During the eighteenth century, reproduction and associated processes such as heredity and evolution moved to the centre of a new science of life. The large literature on these intellectual and cultural changes concentrates on the zoological and anthropological writings of scholars including Pierre Louis de Maupertuis, Georges-Louis Leclerc de Buffon, Immanuel Kant, Erasmus Darwin and Jean-Baptiste Lamarck. Yet plants also held a place in eighteenth-century thought, notably the doctrine of physiocracy, which identified agriculture as the source of wealth Economic historians have demonstrated how the exchange of staple foods such as wheat and potatoes between the New World and the Old facilitated the rise of capitalism. Botanical gardens, in Europe and overseas, served as hubs for this global exchange, and the botanists in charge played a significant role in the propagation of Enlightenment ideas of improvement and progress.
One botanist has been much recognized for his contributions to Enlightenment discourses of generation, propagation and the production of wealth: the Swedish naturalist and physician Carl Linnaeus (1707–78). In 1735, while staying in Holland to complete his medical studies, Linnaeus authored the Systema naturae (System of nature), which proposed to classify plants according to the number and arrangement of their ‘male’ and ‘female’ generative organs (stamens and pistils). This ‘sexual system’ made the 28-year-old medical student famous and founded a career as Europe's leading botanical authority. According to Londa Schiebinger, the sexual system resonated with eighteenth-century audiences because Linnaeus ‘brought traditional notions of gender hierarchy whole cloth into science’. Most importantly, she claims, the sexual system emphasized heterosexual marriage, and thus excluded homosexuality, for example. More recent work has complicated this picture. Ann Shteir found that sexualized botanical representations mattered to eighteenth- century audiences as ‘boundaries to be disputed’. This chimes with the observation by earlier historians that the sexual system challenged the long-held conviction that plants did not propagate sexually at all since they lacked the capacity of animals to sense and move.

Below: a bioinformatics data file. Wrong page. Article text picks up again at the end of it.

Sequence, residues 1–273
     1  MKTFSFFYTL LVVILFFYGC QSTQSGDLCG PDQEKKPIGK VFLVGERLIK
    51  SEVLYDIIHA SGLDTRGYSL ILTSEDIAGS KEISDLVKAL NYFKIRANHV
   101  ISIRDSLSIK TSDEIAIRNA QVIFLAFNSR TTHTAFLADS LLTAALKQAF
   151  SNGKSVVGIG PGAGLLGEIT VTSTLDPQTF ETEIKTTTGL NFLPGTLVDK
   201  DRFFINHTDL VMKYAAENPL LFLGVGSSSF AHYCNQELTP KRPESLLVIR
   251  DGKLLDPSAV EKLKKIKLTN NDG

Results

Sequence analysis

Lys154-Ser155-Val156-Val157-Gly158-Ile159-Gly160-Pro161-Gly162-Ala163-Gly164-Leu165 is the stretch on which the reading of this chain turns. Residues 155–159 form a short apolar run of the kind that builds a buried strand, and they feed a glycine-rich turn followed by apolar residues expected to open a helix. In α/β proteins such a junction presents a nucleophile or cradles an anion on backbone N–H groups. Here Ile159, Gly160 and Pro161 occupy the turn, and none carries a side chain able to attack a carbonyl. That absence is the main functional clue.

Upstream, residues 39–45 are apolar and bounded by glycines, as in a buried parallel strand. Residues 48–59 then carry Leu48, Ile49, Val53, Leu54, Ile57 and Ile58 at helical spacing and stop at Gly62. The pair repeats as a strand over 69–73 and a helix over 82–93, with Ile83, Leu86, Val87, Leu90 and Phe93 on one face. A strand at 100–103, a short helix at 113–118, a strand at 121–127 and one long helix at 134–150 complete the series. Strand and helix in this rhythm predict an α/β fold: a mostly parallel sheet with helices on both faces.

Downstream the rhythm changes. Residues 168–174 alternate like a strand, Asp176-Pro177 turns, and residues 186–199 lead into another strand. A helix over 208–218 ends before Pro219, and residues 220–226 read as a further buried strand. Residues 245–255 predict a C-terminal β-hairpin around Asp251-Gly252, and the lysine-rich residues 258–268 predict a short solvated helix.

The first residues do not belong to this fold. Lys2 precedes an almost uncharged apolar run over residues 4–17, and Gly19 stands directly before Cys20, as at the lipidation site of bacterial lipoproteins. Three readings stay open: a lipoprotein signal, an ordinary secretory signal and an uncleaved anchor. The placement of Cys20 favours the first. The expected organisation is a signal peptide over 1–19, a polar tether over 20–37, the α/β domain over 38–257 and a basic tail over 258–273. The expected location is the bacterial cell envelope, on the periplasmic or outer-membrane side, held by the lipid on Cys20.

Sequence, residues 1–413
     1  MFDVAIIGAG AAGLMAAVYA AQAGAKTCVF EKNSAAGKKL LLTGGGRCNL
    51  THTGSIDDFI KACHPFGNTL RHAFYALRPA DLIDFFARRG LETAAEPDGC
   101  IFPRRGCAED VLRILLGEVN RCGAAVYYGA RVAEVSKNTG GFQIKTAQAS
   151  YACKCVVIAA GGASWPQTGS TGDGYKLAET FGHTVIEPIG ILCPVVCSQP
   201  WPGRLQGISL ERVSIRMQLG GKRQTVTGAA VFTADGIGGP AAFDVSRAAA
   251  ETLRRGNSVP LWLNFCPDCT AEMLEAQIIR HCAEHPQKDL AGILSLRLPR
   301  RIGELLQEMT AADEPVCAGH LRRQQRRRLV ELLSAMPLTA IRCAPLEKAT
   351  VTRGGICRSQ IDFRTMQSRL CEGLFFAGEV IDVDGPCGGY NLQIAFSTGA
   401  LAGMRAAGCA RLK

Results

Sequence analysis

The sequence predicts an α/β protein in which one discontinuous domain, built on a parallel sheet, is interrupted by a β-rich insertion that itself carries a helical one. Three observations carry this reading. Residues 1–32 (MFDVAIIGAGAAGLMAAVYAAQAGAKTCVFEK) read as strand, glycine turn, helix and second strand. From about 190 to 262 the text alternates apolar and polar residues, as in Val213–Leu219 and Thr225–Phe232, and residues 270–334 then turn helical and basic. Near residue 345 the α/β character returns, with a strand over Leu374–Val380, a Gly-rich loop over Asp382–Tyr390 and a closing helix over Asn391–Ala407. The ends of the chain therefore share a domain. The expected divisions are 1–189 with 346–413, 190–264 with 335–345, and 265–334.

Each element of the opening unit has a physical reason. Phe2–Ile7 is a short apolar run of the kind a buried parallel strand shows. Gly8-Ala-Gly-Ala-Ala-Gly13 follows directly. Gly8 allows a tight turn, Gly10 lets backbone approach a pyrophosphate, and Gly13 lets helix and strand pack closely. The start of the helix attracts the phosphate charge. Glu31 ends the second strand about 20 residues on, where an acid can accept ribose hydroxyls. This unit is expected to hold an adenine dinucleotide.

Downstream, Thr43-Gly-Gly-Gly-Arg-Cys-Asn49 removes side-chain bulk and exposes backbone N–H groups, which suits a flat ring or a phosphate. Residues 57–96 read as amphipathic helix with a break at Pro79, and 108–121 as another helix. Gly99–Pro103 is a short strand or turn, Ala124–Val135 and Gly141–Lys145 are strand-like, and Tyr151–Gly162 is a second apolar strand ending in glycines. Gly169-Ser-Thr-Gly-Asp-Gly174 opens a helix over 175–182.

This chapter uses the case of Linnaeus to reveal some deeper levels of eighteenth- century discourses on sexuality and reproduction. I first take a fresh look at the sexual system, revealing references to behaviours that most eighteenth-century readers perceived as deviant. Sexuality, the subversive message went, was universal and produced a cornucopia of life forms.